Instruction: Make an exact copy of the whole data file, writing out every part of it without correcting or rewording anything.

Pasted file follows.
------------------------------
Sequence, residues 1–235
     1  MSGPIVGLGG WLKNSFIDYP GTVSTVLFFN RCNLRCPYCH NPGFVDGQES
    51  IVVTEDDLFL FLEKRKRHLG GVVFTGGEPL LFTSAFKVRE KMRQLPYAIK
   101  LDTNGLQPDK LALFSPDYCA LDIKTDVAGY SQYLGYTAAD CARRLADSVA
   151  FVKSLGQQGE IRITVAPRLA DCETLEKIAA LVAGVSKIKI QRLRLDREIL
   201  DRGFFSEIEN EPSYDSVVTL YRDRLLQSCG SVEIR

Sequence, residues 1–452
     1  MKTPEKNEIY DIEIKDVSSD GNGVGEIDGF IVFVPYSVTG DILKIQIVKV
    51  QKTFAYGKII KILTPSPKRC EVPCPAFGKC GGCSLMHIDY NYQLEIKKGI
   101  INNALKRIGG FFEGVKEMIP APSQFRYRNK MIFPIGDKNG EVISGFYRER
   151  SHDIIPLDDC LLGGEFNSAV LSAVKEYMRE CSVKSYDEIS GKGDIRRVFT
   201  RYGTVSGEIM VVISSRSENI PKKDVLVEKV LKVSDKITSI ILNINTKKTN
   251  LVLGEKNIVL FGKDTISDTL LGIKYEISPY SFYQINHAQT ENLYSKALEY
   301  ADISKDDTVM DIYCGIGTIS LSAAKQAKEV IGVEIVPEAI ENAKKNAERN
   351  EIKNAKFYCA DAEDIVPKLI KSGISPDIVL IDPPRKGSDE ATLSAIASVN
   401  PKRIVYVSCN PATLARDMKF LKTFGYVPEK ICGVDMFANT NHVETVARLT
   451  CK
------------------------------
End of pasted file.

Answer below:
Sequence, residues 1–235
     1  MSGPIVGLGG WLKNSFIDYP GTVSTVLFFN RCNLRCPYCH NPGFVDGQES
    51  IVVTEDDLFL FLEKRKRHLG GVVFTGGEPL LFTSAFKVRE KMRQLPYAIK
   101  LDTNGLQPDK LALFSPDYCA LDIKTDVAGY SQYLGYTAAD CARRLADSVA
   151  FVKSLGQQGE IRITVAPRLA DCETLEKIAA LVAGVSKIKI QRLRLDREIL
   201  DRGFFSEIEN EPSYDSVVTL YRDRLLQSCG SVEIR

Sequence, residues 1–452
     1  MKTPEKNEIY DIEIKDVSSD GNGVGEIDGF IVFVPYSVTG DILKIQIVKV
    51  QKTFAYGKII KILTPSPKRC EVPCPAFGKC GGCSLMHIDY NYQLEIKKGI
   101  INNALKRIGG FFEGVKEMIP APSQFRYRNK MIFPIGDKNG EVISGFYRER
   151  SHDIIPLDDC LLGGEFNSAV LSAVKEYMRE CSVKSYDEIS GKGDIRRVFT
   201  RYGTVSGEIM VVISSRSENI PKKDVLVEKV LKVSDKITSI ILNINTKKTN
   251  LVLGEKNIVL FGKDTISDTL LGIKYEISPY SFYQINHAQT ENLYSKALEY
   301  ADISKDDTVM DIYCGIGTIS LSAAKQAKEV IGVEIVPEAI ENAKKNAERN
   351  EIKNAKFYCA DAEDIVPKLI KSGISPDIVL IDPPRKGSDE ATLSAIASVN
   401  PKRIVYVSCN PATLARDMKF LKTFGYVPEK ICGVDMFANT NHVETVARLT
   451  CK